Three common reasons mcl blog header

Three common reasons why your mobile column lifts aren't working

 

Vehicle lifts can be one of the most important investments you can make for your workshop so if you’re wondering why your mobile column lifts might be causing you a problem or two, have you thought it might not be the actual lifts causing the issue?

Are your staff trained?

Training provides operatives with the key learning and understanding for them to be able to carry out their responsibilities safely and efficiently. A busy workshop can be a dangerous place if equipment is not operated safely in accordance with manufacturer instructions, it is important that operators are properly trained to reduce the risk of personal injury to themselves or others working nearby.

TotalKare provide a competency training course which covers in depth the legislation related to mobile column lifts and the safe use of the equipment. Training should be refreshed every three years to ensure all workshop staff remain competent in the use of vehicle lifts as well as ensuring any new team members have the same training as their peers.

Are your lifts serviced regularly?

We all know that if you don’t service your car regularly, sooner or later something will go wrong. It’s the same with lifts, and at TotalKare we recommend lifts are inspected and serviced twice a year. Regular inspections by a certified engineer will ensure your lifts are working properly and safely, saving expensive repair costs in the long term.

It is essential that mobile vehicles lifts undergo maintenance checks least every six months on the grounds that the improper use of this type of equipment represents a high risk to personnel as:

  • Work is generally carried out under a suspended load, and therefore is classified as the same as a man riding lift (HSE also recommends 803/69)
  • Mobile vehicle Lifts are – obviously – mobile and therefore at greater risk to damage from moving around workshops and by collision from moving vehicles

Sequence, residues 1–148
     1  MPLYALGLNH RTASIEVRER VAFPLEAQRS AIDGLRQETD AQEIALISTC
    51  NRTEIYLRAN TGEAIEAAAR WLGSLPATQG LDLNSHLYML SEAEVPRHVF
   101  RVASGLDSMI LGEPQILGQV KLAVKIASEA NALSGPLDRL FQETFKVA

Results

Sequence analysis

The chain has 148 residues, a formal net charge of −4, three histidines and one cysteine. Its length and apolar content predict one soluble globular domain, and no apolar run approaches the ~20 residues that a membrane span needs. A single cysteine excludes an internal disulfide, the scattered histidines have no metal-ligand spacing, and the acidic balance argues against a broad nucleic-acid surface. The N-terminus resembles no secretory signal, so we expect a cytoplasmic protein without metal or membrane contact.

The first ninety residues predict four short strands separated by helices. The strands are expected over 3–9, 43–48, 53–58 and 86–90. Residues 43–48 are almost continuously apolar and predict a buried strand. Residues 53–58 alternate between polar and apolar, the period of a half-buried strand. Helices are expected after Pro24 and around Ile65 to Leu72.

• Mobile vehicle lifts are susceptible to misuse by operators outside their design which can lead to excessive wear and tear

To further ensure the safe working of column lifts in your workshop, they should be regularly examined thoroughly by a competent person who should issue, under LOLER regulations, a ‘Report of Thorough Examination’. It is recommended that this is done every six months. Although this should identify problems, it is no substitute for regular in-house checks and maintenance (as required by PUWER), much in the same way that you shouldn’t rely on an MOT to keep your vehicle roadworthy.

What vehicles are you lifting?

It’s important to stay within the safe working load limits as mobile column lifts do not spread the load as evenly as fixed post lifts, so ensuring no axle is overloaded and that the safe working capacity is not exceeded is crucial. Lifting vehicles with weight exceeding a column’s lifting capacity can seriously damage the lift – not to mention the vehicle or the lift operator.

Always consider the load distribution and the axle weights of the vehicles being lifted to ensure you are using the right number of columns to distribute the weight. When lifting vehicles, the front and rear axles must be used to distribute the weight of the vehicle. This ensures no side load is applied to any column.

The best way to picture this is to imagine a seesaw. The centre of balance on a seesaw is located in the middle, if the centre of balance was to move, this would alter the force needed to balance the weight. It is possible to overload an electro-mechanical lift, resulting in premature wear to the load unit resulting in costly repair bills.


With vehicle lifts being a large investment for many workshops it is good practise to ensure that your lifts are kept in the best condition they can be so you get the maximum usage out of them, much like a car the better condition the greater the longevity of your lifts will be.

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